Saturday, 21 August 2010

Rooney needs a goal

Wayne Rooney backed to end goal drought by Manchester United's Sir Alex Ferguson

A mere 144 days ago, Wayne Rooney was about to record his 19th goal in 14 games for Manchester United, sustaining a remarkable run of form which appeared destined to flow like a torrent through to the World Cup final, enabling Sir Alex Ferguson’s team to sweep all before them to a Premier League and Champions League double on the way.

Then came the Sliding Doors moment, the split-second that changed everything and hauled Rooney back from the brink of immortality. Had he allowed the covering Ryan Giggs to check the run of Mario Gomez deep into stoppage time against Bayern Munich in the Allianz Arena, Rooney would not have mistimed his challenge on the German forward and he would have escaped the damage to his right ankle sustained after his attempted intervention.

Sounds simple, doesn’t it? Yet Rooney made the tackle, rolled his ankle, tweaked the tendons and he has not scored, or resembled his true self on a football pitch, since.

Rather than when will he stop scoring, the question now revolves around when Rooney will emerge from what has developed into the longest goalless run of his career.

As he prepares to face Fulham at Craven Cottage on Sunday, revised Opta figures show that Rooney’s current goal drought stands at 1,081 minutes — 79 minutes longer than his barren run during the 2005-06 campaign. Whichever way the figures are spun, they make grim reading for Rooney, United, England — 13 games, 1,081 minutes, 18 hours and one minute. Nothing since March 30.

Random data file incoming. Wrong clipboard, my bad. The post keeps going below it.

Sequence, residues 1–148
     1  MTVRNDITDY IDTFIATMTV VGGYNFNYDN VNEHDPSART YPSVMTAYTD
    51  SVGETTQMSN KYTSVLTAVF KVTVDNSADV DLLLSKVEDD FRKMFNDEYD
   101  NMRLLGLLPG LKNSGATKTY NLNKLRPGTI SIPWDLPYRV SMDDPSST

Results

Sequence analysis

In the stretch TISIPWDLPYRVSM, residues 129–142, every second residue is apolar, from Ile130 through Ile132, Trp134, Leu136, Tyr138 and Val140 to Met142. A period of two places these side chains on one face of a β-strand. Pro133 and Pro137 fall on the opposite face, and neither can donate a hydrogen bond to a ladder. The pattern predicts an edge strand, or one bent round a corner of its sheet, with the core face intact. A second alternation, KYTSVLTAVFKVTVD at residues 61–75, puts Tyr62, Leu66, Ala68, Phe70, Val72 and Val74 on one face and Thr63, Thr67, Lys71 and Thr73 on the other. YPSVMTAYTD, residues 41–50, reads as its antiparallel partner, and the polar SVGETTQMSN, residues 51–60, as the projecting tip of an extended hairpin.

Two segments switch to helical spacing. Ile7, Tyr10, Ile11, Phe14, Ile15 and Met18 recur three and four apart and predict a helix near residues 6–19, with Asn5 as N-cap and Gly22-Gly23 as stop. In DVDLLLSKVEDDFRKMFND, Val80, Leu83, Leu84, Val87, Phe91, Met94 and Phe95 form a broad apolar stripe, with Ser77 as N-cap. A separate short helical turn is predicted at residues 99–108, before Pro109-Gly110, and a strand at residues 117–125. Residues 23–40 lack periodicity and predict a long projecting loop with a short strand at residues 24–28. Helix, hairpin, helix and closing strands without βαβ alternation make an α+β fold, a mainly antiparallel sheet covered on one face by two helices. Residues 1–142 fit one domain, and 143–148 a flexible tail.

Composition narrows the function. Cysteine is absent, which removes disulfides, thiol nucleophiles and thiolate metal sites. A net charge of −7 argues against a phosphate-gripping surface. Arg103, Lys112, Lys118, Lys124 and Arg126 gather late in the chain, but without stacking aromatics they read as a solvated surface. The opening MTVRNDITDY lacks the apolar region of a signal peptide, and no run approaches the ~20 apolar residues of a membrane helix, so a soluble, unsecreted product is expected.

Famously protective of his players, Ferguson will never hang one of his own out to dry by condemning their failings, but while the United manager insists that Rooney will come good once again, he concedes that the 24 year-old is as frustrated as any forward by his lengthening fruitless streak.

Ferguson said: “I say it time and time again; strikers live by their goals. When they are not scoring, they think it is never going to come. Then, when they [goals] come, they think they are never going to finish. That is normal with any forward.

“They are quite straightforward people and Wayne is no different from any other kind of striker. They want to score and, when they are not scoring, they think it is never going to happen.

“But Wayne is one of the best strikers in the world. He is still young, still progressing and still learning.”

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